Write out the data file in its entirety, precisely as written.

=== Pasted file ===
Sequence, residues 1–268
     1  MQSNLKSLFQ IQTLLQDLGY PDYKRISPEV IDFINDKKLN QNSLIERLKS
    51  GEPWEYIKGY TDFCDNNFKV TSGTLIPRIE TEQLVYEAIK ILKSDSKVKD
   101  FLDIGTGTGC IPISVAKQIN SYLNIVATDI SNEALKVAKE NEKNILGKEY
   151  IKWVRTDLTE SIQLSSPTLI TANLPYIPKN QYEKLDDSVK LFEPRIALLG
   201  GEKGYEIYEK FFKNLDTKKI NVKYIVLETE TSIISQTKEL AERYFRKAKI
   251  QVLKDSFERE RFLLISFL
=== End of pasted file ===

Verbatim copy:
Sequence, residues 1–268
     1  MQSNLKSLFQ IQTLLQDLGY PDYKRISPEV IDFINDKKLN QNSLIERLKS
    51  GEPWEYIKGY TDFCDNNFKV TSGTLIPRIE TEQLVYEAIK ILKSDSKVKD
   101  FLDIGTGTGC IPISVAKQIN SYLNIVATDI SNEALKVAKE NEKNILGKEY
   151  IKWVRTDLTE SIQLSSPTLI TANLPYIPKN QYEKLDDSVK LFEPRIALLG
   201  GEKGYEIYEK FFKNLDTKKI NVKYIVLETE TSIISQTKEL AERYFRKAKI
   251  QVLKDSFERE RFLLISFL